Pesticides - Do we need them? Are they safe? What does the science say?

Bill Brett | 07 June, 2022

            Pesticides - Do we need them? Are they safe? What does the science say?

Let's start by looking at the recommended science proven practices that prevent or control pests and diseases.

  • Add compost and in clay soils raise planting areas to improve drainage and aeration. 
  • Rotate crops in the vegetable garden to avoid build-up of soil diseases.
  • Feed plants with a balanced NPK fertiliser—ideally with K as high as N
  • Ensure spacing or pruning to allow good ventilation. 
  • Use soak hoses or drip lines for watering. Avoid using sprinklers if possible. 
  • Select disease resistant varieties where possible.  
  • Maintain good hygiene, by removing diseased leaves at first sign.
  • Remove alternate host plants as much as practicable. The plant world equivalent to ‘social distancing’ or ‘lockdown’.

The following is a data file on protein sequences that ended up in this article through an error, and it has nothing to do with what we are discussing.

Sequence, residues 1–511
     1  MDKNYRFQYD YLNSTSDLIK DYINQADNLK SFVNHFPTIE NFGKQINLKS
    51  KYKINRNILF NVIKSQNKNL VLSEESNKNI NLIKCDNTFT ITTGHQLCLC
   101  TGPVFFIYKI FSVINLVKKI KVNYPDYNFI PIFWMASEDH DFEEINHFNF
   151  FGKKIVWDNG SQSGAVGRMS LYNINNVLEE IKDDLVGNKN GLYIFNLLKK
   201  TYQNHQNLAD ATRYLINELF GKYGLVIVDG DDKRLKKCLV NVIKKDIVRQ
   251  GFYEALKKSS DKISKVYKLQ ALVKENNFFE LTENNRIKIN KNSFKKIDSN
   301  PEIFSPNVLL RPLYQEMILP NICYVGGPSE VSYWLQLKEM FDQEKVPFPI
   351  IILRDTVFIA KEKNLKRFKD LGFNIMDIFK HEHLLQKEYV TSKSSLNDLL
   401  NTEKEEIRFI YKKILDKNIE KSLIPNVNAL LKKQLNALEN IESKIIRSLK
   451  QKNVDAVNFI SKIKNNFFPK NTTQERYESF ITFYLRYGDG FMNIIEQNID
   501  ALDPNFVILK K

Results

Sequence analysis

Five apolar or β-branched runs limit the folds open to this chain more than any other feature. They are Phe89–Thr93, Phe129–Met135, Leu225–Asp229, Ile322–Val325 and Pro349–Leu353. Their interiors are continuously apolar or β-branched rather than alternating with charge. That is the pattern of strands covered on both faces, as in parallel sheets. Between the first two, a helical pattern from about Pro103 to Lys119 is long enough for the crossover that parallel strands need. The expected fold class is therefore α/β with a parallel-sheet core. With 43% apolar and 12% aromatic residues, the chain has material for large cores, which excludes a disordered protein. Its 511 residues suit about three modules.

• Beneficial insects contribute to control, but not to a satisfactory level.  
  • If pests or diseases appear, spray at very first sign with a safe pesticide approved for the crop involved. Take time to learn more about each pest and disease—the time and conditions each pest or disease attacks, its life cycle, alternate hosts and pre-empt the attack using the appropriate product for the pest/disease/crop, and spray at this time. 

Pesticides - an overview.

Pesticides of yesteryear were relatively toxic, broad spectrum with some environmental impact. They were so effective gardeners used them as the ‘solution’ to control pests and diseases. Most of today’s garden pesticides are less effective, harmless to people, safe to bees, with very low impact on beneficial insects and the soil.